Session615
TitleOn the Fringes of Empire: Local and Supra-Local Identities beyond the Carolingian Realm, II
Date/TimeTuesday 8 July 2014: 11.15-12.45
 
SponsorFoundations of the European Space 2 (FES2) Research Network
 
OrganiserLetty Ten Harkel, Institute of Archaeology, University of Oxford
 
Moderator/ChairJulio Escalona, Instituto de Historia, Consejo Superior de Investigaciones Científicas (CSIC), Madrid
 
Paper 615-a Empire and Infrastructure: The Case of Wessex in the 9th and 10th Centuries
(Language: English)
Alex Langlands, Department of Archaeology, University of Winchester
Index Terms: Administration; Archaeology - Sites; Economics - Trade; Geography and Settlement Studies
Paper 615-b Local Communities and Kingship South of the Duero, 9th-11th Centuries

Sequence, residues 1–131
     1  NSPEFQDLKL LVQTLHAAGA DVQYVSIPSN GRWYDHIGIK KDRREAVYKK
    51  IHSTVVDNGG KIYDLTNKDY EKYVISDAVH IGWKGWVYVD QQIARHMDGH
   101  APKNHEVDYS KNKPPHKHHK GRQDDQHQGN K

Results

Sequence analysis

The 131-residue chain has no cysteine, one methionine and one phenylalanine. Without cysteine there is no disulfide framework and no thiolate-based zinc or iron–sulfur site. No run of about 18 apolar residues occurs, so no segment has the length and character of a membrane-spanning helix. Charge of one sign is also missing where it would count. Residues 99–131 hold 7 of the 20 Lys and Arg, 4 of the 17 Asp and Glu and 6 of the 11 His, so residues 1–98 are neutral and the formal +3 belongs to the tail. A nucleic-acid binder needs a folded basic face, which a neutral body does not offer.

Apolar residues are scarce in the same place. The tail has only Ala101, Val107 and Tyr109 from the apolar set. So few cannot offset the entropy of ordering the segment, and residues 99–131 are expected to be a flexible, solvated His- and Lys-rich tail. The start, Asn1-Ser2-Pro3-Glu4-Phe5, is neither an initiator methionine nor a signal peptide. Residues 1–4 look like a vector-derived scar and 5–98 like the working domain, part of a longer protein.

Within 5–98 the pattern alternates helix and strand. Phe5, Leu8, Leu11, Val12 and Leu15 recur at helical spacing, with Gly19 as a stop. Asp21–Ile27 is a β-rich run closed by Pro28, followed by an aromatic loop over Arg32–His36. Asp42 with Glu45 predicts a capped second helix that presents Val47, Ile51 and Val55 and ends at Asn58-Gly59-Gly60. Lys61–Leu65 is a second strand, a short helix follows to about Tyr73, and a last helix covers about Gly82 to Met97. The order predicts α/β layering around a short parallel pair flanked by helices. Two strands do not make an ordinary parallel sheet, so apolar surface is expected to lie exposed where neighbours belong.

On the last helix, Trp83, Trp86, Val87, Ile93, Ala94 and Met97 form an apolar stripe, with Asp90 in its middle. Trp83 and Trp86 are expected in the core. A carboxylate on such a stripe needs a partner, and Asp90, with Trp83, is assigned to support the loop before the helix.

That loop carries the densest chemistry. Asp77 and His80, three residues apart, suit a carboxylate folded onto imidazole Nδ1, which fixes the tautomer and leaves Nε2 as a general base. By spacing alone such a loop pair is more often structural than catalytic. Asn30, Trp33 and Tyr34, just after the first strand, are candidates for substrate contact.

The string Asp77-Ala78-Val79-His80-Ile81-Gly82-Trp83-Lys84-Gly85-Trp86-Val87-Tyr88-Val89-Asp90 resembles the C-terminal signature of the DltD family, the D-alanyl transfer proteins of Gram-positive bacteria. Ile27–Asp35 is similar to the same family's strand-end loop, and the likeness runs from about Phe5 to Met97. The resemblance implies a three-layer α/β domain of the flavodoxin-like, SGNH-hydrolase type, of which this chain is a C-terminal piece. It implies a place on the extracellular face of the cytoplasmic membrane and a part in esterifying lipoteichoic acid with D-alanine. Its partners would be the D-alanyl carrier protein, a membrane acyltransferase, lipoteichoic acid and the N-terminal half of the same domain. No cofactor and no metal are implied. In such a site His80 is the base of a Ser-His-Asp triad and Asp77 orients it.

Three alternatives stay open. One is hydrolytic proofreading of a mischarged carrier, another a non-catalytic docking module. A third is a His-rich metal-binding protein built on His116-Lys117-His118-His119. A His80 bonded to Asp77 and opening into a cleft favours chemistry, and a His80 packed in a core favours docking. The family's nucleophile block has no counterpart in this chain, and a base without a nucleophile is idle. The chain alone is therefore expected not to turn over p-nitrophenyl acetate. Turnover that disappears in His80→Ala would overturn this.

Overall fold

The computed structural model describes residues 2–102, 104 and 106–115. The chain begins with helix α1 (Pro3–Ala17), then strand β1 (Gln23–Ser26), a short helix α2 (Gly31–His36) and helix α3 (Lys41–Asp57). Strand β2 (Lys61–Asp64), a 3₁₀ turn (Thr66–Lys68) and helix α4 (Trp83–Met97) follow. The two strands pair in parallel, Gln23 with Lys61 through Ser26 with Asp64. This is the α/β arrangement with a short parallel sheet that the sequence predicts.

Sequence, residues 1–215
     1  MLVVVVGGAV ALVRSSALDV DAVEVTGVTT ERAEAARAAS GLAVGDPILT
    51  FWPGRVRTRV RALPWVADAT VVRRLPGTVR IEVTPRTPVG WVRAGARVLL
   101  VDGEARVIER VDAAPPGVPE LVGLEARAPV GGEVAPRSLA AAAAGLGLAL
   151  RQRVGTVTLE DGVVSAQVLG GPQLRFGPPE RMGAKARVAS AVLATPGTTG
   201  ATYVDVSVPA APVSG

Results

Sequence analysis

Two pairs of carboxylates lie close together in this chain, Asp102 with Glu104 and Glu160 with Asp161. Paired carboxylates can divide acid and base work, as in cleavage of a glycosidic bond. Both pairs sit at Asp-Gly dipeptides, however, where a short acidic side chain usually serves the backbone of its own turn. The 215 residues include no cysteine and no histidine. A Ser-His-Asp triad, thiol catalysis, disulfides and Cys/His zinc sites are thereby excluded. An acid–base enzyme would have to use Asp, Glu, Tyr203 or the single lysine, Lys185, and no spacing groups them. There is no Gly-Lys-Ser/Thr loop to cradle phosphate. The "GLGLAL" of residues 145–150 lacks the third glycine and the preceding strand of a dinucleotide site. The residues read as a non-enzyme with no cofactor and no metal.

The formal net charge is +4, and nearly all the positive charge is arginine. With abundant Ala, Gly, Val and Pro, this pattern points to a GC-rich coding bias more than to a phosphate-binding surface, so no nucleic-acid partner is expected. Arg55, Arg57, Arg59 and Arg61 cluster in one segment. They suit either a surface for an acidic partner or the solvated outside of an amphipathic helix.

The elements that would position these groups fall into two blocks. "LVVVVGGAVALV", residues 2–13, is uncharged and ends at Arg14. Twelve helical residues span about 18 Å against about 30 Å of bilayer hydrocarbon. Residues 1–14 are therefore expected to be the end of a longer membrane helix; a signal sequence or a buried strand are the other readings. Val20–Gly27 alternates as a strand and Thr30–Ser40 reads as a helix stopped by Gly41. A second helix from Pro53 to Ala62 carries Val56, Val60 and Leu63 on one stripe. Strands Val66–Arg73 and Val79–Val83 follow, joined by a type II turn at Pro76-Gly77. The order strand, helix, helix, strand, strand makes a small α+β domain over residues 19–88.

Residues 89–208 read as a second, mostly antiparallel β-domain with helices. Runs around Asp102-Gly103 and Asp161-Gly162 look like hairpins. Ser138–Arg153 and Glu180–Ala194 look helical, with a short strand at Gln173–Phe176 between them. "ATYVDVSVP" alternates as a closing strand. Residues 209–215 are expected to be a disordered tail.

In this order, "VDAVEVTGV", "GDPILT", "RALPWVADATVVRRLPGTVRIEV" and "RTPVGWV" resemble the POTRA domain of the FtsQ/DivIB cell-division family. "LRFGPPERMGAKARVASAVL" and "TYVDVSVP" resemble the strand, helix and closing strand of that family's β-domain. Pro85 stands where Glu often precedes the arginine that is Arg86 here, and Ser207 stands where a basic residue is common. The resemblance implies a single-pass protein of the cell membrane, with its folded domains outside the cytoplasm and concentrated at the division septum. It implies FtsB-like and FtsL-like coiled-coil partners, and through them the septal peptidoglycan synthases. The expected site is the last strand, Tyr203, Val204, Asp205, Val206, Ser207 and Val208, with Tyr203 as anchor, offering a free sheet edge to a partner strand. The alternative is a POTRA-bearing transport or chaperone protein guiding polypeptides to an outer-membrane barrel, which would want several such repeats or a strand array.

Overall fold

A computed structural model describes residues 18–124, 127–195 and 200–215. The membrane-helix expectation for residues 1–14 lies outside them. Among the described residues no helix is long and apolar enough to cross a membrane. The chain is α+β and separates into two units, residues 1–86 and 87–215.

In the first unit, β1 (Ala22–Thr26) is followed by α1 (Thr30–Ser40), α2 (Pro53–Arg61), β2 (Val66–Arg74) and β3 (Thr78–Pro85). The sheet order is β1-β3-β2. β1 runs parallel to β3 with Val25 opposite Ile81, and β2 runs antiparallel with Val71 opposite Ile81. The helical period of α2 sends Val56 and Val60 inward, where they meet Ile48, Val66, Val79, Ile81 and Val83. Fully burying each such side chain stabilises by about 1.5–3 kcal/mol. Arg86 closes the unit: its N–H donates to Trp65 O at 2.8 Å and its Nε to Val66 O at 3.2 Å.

(Language: English)
Iñaki Martín Viso, Departamento de Historia Medieval, Moderna y Contemporánea, Universidad de Salamanca
Index Terms: Archaeology - Sites; Economics - Rural; Geography and Settlement Studies; Social History
Paper 615-c The Astur-Leonese Power and the Localities: Changing Collective Spaces, 10th-12th Centuries
(Language: English)
Álvaro Carvajal Castro, Instituto de Historia, Consejo Superior de Investigaciones Científicas (CSIC), Madrid
Index Terms: Archaeology - General; Economics - Rural; Geography and Settlement Studies; Social History
 
AbstractThe Carolingian empire is often regarded as the driving force behind socio-economic and political developments in Europe during the latter part of the first millennium. This viewpoint, resulting in part from a better range of surviving documentary sources, implies other regions in north-west Europe were marginal, existing only in relation to the greater power of the Carolingian empire. This two-part session seeks to redress the imbalance by focusing on the interaction between local and non-local identities in different regions on the fringes of the Carolingian world: Scandinavia, Anglo-Saxon Wessex, the coastal zone of modern-day Netherlands, and the early medieval states of the Iberian peninsula further south.